Criminal Defense Attorney for Felony Charges
What is the difference between felonies classifications?
A felony is a serious problem on a person’s legal record. The consequences of a felony or felonies include (but are not limited to) loss of voting rights, loss of gun rights, difficulty getting jobs, and the general negative stigma that comes along with being a “felon.” That’s why it’s important that you hire a criminal defense attorney for felony charges.
Besides being able to defend the facts of your felony case, a good attorney needs to be knowledgeable in expungement, first offenders’ programs, drug courts, veterans’ courts, and other possible opportunities to help lessen the penalties of a felony charge. Unfortunately, picking up a felony charge can be easy – the hard part is keeping it off your record. You need an attorney who knows how to do that.
Class a Felony
Carries a sentence of 6 to 30 years in prison. Some examples of a Class A felony are aggravated robbery, certain sex crimes, and certain drug crimes. You should definitely hire a criminal defense attorney for Class A felony.
Class b Felony
Carries a sentence of 5 to 20 years in prison. An example of a Class B felony is burglary. You should absolutely hire a criminal defense attorney for Class B felony.
Class C Felony
Carries a sentence of 3 to 10 years in prison. Some examples of a Class C felony are vandalism, failure to appear in court, and receiving stolen property. You need to hire a criminal defense attorney for Class C felony.
Class d Felony
Carries a sentence of up to 6 years in prison. Some examples of a Class D felony are aggravated assault and breaking and entering. Even though this is the lowest felony level, you should still hire a criminal defense attorney for Class D felony.
Class Y Felony
Carries a sentence of 10 to 40 years or life in prison. Some examples of a Class Y felony are murder, rape, and kidnapping. This is the highest felony level, so you should really hire a criminal defense attorney for Class Y felony.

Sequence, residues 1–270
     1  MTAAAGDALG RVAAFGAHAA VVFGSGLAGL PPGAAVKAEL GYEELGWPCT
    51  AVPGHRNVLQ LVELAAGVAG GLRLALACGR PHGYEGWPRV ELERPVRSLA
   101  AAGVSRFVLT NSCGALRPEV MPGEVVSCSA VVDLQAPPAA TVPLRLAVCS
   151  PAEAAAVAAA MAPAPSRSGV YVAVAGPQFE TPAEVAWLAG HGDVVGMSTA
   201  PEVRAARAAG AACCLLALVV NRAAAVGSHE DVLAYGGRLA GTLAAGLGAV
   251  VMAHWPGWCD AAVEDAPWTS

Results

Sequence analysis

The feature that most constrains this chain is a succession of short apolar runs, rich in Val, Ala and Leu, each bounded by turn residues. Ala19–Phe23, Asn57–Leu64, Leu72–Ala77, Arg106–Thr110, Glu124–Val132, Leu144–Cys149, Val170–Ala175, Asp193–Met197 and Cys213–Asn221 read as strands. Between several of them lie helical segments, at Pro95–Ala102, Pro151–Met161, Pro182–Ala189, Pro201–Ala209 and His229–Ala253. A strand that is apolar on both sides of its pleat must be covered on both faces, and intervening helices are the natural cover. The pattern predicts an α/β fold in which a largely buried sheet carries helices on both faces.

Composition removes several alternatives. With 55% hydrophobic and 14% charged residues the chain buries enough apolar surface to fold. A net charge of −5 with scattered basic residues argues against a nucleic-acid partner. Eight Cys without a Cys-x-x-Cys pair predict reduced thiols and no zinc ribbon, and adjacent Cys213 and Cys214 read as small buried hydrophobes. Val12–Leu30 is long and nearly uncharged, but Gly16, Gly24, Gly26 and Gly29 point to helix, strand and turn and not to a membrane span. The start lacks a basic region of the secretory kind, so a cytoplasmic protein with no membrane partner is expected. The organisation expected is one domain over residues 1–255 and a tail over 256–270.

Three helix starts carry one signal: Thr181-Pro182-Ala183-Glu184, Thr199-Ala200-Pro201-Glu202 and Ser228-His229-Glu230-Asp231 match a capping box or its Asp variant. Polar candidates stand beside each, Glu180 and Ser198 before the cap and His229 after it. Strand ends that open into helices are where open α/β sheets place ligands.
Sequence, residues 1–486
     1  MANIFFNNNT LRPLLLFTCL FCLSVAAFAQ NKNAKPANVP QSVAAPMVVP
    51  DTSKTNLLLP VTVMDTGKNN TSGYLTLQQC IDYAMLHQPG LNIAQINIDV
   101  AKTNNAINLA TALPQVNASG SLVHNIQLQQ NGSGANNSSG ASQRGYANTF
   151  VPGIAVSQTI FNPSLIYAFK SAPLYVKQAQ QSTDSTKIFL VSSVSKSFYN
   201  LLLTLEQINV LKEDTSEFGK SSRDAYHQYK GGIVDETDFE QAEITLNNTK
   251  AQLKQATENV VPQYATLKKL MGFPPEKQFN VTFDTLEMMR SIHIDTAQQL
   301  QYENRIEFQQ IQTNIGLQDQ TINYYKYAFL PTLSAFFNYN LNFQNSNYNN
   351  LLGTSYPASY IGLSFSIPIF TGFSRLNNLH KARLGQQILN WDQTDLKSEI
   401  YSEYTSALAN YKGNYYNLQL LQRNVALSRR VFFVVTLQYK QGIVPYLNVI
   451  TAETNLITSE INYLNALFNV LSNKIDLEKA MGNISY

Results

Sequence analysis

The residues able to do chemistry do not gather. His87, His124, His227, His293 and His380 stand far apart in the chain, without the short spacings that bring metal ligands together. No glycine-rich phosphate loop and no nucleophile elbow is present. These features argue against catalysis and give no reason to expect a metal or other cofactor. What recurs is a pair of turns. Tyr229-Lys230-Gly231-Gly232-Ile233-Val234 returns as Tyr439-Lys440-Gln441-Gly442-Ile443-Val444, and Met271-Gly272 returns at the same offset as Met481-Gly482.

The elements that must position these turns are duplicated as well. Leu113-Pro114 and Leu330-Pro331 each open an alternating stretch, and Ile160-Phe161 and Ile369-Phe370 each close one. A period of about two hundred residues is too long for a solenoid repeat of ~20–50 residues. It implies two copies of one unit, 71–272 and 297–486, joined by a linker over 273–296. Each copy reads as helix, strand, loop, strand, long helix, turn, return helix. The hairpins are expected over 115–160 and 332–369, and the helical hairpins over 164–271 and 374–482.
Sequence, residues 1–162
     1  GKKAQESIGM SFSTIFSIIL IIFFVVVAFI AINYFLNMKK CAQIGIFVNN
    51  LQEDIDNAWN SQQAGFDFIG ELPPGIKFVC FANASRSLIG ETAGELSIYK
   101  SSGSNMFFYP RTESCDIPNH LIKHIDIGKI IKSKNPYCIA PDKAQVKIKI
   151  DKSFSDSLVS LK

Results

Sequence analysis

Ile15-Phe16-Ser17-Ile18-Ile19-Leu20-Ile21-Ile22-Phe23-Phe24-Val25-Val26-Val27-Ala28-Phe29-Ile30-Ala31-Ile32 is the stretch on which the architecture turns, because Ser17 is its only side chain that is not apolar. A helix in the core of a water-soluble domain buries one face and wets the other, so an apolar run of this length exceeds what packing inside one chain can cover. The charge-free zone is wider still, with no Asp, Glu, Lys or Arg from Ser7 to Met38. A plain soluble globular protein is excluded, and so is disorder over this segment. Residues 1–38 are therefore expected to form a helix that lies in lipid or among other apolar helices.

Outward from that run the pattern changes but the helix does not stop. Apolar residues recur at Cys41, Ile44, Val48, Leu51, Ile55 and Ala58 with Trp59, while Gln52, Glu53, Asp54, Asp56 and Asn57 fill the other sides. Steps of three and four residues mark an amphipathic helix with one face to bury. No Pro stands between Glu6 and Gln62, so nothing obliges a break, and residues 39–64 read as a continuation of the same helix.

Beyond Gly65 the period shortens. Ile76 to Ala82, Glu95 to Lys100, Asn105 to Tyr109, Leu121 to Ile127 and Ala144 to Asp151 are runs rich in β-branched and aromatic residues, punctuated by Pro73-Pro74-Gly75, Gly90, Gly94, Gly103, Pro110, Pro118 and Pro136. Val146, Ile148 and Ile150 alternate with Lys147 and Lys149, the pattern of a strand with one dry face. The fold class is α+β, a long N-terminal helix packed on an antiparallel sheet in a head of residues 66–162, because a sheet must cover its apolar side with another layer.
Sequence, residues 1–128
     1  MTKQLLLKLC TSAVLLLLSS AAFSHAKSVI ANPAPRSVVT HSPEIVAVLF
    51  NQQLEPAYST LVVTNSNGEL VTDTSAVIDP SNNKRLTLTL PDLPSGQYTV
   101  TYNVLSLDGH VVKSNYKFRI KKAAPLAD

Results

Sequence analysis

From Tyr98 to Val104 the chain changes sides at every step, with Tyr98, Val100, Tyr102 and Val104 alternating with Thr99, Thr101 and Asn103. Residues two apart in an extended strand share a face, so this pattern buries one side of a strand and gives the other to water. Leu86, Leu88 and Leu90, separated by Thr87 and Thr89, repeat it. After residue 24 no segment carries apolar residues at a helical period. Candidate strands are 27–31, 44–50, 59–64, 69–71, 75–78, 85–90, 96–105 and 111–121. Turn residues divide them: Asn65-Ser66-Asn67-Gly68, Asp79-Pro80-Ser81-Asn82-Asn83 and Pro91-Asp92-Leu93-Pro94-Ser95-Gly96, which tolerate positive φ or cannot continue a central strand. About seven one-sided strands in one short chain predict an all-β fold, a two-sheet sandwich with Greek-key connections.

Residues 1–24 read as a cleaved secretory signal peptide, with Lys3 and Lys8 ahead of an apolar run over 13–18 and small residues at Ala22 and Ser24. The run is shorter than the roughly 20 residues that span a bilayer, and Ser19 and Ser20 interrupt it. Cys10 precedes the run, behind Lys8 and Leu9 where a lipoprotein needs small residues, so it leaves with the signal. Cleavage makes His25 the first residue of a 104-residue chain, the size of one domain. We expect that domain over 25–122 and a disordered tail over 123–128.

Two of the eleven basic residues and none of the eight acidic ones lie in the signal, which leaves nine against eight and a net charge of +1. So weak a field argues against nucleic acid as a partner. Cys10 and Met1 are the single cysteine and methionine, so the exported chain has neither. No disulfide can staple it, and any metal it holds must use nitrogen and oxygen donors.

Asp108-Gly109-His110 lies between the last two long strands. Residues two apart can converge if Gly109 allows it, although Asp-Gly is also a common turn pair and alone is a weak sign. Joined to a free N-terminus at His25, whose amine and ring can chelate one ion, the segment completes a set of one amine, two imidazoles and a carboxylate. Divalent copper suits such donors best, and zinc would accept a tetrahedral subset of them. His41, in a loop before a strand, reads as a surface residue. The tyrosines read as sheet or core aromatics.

In Arkansas, expunging your record doesn’t mean that your felony charges are “erased” or “deleted.” It means that your case is sealed and treated as though it were highly confidential. If you have a felony case expunged, your record is considered “clean” in most circumstances. However, if you get charged with another crime in the future, the expunged case will be taken into consideration.
Expungements restore your right to carry a gun in circumstances such as those in the Arkansas First Offender Act., but you’ll need a pardon to completely restore your right to bear arms.
If you were facing criminal charges but the case was dismissed, acquitted, or deemed “nolle prosequi,” you can absolutely file for an expungement. If you have been convicted of a felony, there are very specific criteria your charges must meet to be able to petition for expungement. These criteria include your criminal history and prior felony convictions.
Having a felony expunged from your record is a very intense, confusing legal process. You’ll have to file a complicated petition, and you might even have to attend a hearing in court. Don’t try to expunge your own felony record – hire a criminal defense attorney with a lot of experience with felony charges. Chances are if they’ve gone to court for lots of felony cases, they’ve seen an expungement or two. Don’t be afraid to ask an attorney what his experience with expungement looks like. Asking this question will show you that you’ve either found someone who knows their stuff or that you need to keep looking.